Welcome to some great reading in Church Leader Insights. Enjoy!
Do what you love and the money will take care of itself.
That’s been a popular phrase for as long as I can remember.
Wouldn’t it be great if it was true?
I’ve also heard this related phrase for as long as I can remember: just preach the gospel, love people, reach out to your neighbors, and the money will take care of itself.
It would be even better if that was true. But it’s not. In even the healthiest and strongest of churches and ministries, finances are never automatic.
In a previous post, 4 Assumptions Pastors Can No Longer Make About Church Giving Patterns, I wrote about how a downturn in church giving is no longer the early and accurate indicator of a problem in the church. Giving patterns have changed. Even people who love the church and are fully committed to its mission are not giving as much as they once did.
In this post, I’d like to walk you through some of the steps our church has discovered by trial-and-error in the last couple of years that have helped us slow down, then reverse a downward giving trend in our church.
1. Emphasize generosity, not just giving
Giving is like any other skill. Very few people are born with an inbred desire and ability to give. Everyone needs to be taught how and why giving matters. And that’s up to us, pastors.
What’s in store for the social media industry in 2018?
The way consumers use social media channels is constantly evolving and as marketers and entrepreneurs, we need to adapt to these changes.
To better understand these changes, plus what’s ahead for 2018 and beyond we teamed up with Social Media Week to collect data from over 1,700 marketers and create the State of Social Media 2018 report. The report shows us how marketers, from businesses of all sizes, are approaching social media marketing.
Ready to jump in?
3 Key social media takeaways to guide your marketing in 2018
1. There are huge opportunities in the messaging space (only 20 percent of marketers have used messaging apps for marketing)
Messaging platforms have grown at an incredible rate over the last couple of years. And there are now more people using the top four social messaging apps (WhatsApp, Messenger, WeChat, and Viber) than the top four social media apps (Facebook, Instagram, Twitter, and LinkedIn).
Despite this incredible growth, our State of Social 2018 survey found that just 20 percent of businesses have invested in marketing through messenger platforms.
After seeing such high user growth for the past few years, companies like Facebook will begin to focus on how they can monetize chat apps which will open up new advertising opportunities for marketers.
You’ve felt it.
Someone you know (or follow) is experiencing ‘success’ in their lives and leadership in a way you’re not. Maybe their church or ministry is growing faster than yours, or yours isn’t growing at all.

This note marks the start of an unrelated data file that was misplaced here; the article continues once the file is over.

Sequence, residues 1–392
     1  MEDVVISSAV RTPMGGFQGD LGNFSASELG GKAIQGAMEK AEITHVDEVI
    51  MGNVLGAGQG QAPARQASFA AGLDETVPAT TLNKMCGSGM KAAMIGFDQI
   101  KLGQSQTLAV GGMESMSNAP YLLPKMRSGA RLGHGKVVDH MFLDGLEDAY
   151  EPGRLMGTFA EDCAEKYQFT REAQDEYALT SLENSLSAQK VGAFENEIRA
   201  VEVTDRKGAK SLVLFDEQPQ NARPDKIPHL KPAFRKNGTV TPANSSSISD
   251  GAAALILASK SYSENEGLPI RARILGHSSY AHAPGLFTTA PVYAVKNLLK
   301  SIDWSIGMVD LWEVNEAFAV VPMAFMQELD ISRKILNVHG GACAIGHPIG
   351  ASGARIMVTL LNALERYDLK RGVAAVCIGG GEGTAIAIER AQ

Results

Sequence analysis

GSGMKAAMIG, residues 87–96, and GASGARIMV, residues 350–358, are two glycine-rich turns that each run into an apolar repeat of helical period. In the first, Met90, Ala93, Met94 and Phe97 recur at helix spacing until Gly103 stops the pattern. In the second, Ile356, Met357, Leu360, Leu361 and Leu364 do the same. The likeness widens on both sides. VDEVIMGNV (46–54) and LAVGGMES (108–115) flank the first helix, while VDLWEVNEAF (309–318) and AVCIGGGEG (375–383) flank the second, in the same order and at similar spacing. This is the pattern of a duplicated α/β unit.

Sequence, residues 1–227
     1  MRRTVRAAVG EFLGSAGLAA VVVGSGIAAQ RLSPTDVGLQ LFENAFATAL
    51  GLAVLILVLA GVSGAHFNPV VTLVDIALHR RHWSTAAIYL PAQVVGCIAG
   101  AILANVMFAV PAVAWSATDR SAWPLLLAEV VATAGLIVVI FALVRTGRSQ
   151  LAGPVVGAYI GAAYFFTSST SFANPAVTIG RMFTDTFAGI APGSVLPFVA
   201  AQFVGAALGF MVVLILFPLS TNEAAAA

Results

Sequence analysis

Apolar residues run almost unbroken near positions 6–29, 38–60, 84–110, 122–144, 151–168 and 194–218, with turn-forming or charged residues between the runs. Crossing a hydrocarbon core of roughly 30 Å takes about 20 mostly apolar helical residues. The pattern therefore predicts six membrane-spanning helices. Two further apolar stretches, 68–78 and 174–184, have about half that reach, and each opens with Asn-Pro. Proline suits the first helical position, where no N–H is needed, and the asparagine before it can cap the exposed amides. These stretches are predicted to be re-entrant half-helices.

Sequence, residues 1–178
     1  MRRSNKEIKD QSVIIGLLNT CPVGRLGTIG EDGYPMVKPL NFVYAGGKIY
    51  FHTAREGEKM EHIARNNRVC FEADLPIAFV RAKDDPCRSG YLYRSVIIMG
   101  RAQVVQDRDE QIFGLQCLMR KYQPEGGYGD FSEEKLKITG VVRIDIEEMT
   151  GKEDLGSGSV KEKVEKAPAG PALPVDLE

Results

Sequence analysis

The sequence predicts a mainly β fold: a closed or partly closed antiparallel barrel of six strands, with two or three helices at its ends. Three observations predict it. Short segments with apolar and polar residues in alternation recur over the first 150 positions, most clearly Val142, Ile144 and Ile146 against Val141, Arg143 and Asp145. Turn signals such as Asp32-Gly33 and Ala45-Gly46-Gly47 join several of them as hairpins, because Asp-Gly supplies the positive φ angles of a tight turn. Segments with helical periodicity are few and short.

Or their marriage looks so much happier than yours. Or…they’re married. And you’re not.
Maybe their kids look more together than your kids, or they’ve built the killer team you always wished you had, but don’t.
And deep inside, you feel it.
Sometimes it shows up as criticism or excuse-making (Well, if I had their location/money/building/people I’d be that effective too).
Or it shows up as you questioning their integrity (I wonder what they had to do to get that. Betcha they have zero family life).
Often it just shows up as misery, a sadness that makes you feel bad about yourself, angry about your circumstances and maybe even frustrated with God (hey…you called me into this. I mean, come on…)
What is that?
Well, it’s at least three things: jealousy, envy and insecurity.
Every pastor and church leader feels them at some level, and if you look at the issues they cause inside us, around us and in our churches, it’s troubling.
If you’ve felt that at all, what do you do with it?
Several years ago, when we first started dating, Constantino had to buy a car. David, who is always more practical, advised him to buy a reliable used Honda. But Constantino, who had recently moved to Los Angeles from New York City and hadn’t owned a car in more than a decade, wanted something more exciting. He also didn’t want to spend a lot of time shopping around. He test-drove a VW and decided to buy it on the spot. David strongly advised him against it, but Constantino didn’t listen. Sure enough, within a week, the car broke down, requiring the first of many expensive repairs.
What do we do when we can’t stop our from partners from making a decision we’re certain is bad? Should we dig in our heels and oppose them every step of the way? Or should we voice our concerns, then hold our peace and support them no matter the outcome? It’s a matter of whether you want to be right, or whether you want to be successful in your relationship.
To be clear, we’re not talking about enabling destructive behavior or relinquishing your stake on decisions that will severely impact your marriage and future together. But when it comes to the myriad small decisions in life, we’ve found that sticking by your partner and supporting their choices is more important than keeping them from making mistakes.
Supporting each other even when you disagree is an important part of marital friendship. So is extending grace to your spouse by refraining from speaking the dreaded “I told you so” when their ill-advised plans go exactly the way you warned they would.
Thank you to our sources for this week’s blog posts:
Christianity Today (Karl Vaters) – 9 Ways To Reverse A Downward Giving Trend In An Otherwise Healthy Church
Buffer Social – The State of Social 2018 Report: Your Guide to Latest Social Media Marketing Research
Carey Nieuwhof – Jealousy, Envy, Insecurity and the Heart of A Pastor
The Gottman Institute – Letting Your Spouse Make Mistakes